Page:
Becoming Modern in Toronto: The Industrial Exhibition and the Shaping of a Late Victorian Culture
Contains Photos, Illustrations, Bibliography, Index
Steve Pitt is a Toronto-based freelance writer and an award-winning journalist. He has written many young adult and children's books, including Day of the Flying Fox: The True Story of World War II Pilot Charley Fox.
In the last quarter of the 19th century, Victorian Canadian society was
mutating at an unprecedented pace. New communities, built around new
industries and employing people in new occupations, were eroding the
established Canadian social structures of family, birthplace, class, and
occupation. Although Canadians enjoyed new levels of prosperity, their
traditional sense of identity was fading away. Into that vacuum stepped
industrial commercialism. As soon as Canadians were persuaded to spend
their money on goods their ancestors might have shunned as needless
luxuries, they began to define themselves by the products they bought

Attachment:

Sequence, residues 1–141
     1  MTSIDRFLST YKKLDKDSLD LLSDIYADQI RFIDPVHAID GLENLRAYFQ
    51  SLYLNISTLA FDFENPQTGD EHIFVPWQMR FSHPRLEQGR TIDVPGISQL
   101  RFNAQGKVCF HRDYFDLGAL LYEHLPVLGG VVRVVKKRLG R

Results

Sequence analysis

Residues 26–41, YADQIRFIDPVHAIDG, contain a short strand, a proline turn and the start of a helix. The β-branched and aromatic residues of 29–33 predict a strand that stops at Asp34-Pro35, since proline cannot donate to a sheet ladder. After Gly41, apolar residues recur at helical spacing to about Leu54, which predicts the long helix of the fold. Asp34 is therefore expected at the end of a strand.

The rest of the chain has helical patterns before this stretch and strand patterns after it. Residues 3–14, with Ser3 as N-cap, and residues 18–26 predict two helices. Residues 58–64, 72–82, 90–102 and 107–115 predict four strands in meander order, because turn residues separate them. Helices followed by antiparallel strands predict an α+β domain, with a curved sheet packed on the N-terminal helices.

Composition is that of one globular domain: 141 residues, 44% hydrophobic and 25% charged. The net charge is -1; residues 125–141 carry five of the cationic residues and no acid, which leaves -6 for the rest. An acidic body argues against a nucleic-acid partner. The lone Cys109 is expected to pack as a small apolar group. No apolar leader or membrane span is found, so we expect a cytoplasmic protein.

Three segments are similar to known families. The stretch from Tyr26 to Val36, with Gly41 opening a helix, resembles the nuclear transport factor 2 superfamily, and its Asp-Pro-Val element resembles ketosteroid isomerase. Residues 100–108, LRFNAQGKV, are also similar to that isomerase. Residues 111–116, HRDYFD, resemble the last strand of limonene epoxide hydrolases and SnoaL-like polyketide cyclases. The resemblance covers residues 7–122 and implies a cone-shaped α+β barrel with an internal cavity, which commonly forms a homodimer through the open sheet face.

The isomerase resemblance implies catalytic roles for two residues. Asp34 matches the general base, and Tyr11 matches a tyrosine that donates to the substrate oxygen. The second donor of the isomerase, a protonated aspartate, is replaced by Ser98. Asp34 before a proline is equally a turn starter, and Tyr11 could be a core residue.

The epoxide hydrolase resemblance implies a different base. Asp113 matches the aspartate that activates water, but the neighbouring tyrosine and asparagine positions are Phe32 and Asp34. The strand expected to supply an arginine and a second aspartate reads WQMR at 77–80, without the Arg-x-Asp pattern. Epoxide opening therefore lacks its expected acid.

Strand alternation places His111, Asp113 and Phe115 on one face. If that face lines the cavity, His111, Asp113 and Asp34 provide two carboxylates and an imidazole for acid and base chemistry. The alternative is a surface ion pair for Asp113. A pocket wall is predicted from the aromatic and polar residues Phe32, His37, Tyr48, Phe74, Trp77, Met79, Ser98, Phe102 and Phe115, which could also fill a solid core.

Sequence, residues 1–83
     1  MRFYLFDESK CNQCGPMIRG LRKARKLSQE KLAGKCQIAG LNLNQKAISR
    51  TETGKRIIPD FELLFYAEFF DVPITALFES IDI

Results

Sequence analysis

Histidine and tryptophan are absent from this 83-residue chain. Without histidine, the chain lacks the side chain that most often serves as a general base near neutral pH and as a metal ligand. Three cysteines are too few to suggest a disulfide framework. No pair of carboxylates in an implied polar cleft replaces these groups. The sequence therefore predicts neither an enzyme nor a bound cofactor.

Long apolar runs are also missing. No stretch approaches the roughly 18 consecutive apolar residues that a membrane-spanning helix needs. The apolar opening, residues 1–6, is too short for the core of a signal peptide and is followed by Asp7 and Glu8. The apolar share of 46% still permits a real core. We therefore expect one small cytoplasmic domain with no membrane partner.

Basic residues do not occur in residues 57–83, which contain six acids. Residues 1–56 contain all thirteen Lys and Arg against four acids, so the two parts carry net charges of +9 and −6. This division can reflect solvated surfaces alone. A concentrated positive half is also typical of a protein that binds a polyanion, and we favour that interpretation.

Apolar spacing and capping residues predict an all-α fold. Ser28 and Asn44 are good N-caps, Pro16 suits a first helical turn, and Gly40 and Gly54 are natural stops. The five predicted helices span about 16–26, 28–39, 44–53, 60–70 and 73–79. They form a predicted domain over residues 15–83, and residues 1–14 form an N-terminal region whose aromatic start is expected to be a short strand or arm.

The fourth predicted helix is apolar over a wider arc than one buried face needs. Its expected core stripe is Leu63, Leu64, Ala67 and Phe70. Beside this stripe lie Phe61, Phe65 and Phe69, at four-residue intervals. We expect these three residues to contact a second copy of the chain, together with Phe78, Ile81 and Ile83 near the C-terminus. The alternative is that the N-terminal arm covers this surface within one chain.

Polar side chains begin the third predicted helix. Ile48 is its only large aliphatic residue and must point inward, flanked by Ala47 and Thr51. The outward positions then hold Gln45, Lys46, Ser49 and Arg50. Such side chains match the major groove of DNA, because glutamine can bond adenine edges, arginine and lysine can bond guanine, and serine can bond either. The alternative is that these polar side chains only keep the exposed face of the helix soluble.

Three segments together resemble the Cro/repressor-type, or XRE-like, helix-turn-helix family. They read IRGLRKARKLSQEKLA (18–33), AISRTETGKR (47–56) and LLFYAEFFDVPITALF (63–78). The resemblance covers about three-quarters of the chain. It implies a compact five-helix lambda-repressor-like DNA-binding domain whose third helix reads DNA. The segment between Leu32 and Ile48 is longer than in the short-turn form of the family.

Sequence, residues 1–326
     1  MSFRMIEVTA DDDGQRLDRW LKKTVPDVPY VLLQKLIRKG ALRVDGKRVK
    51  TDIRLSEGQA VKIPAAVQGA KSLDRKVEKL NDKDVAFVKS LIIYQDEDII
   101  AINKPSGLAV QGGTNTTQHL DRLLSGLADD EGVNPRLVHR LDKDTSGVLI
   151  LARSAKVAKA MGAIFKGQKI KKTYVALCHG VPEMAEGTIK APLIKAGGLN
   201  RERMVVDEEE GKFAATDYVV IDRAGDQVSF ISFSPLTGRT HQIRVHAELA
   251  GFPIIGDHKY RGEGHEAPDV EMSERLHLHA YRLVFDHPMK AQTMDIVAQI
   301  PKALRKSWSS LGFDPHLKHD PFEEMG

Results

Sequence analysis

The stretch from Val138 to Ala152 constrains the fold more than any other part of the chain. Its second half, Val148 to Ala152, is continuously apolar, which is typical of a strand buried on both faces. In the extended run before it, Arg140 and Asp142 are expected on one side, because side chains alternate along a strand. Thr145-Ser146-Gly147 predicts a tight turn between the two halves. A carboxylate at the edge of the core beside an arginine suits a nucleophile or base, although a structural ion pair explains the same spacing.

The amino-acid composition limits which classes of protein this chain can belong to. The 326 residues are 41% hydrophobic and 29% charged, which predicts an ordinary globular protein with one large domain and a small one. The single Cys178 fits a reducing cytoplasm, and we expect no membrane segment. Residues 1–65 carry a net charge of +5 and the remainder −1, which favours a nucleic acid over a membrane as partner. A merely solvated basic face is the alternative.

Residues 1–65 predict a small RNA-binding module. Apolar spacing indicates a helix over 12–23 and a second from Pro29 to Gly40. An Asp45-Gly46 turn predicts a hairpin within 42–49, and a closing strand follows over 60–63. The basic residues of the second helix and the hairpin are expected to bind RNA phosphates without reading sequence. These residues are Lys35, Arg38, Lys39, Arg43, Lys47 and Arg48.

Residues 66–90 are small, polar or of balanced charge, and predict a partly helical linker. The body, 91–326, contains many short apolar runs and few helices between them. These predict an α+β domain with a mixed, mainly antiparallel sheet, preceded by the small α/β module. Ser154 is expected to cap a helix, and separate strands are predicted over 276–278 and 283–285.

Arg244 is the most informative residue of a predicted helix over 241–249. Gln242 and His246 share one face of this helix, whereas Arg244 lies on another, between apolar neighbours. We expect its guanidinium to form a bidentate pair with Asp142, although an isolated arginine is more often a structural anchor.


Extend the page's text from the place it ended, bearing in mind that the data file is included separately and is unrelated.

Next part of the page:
and consumed. In the 1880s, Toronto’s Industrial Exhibition was the
ideal place to turn Canadians into consumers. The I.E. (later the
Canadian National Exhibition) was not unique. It was merely the largest
and most urbane exhibition in a young country still shrugging off its
rural colonial mentality.
In this book, Keith Walden, a history professor at Trent University,
seeks to understand the role of the I.E. in the evolving Canadian
culture. A gifted storyteller, Walden manages to be engrossing even when
discussing the different methods Victorians employed to stack tinned
goods and soap bars. His first chapter begins with an account of an
unfortunate incident that occurred in 1882: an elderly rural woman en
route to the I.E. was so transfixed by the sight of a new-fangled
Toronto electric streetcar (it was her first encounter) that she stood
frozen on the tracks; the driver, who was new on the job, had no idea
how to stop the vehicle.
Walden goes on to provide an intricate discussion of similar forces at
work in Victorian urban Canadian society. His book, which is at once a
good read and a first-rate scholarly study, examines the clash between
old attitudes and new movements, and the often unsettling results.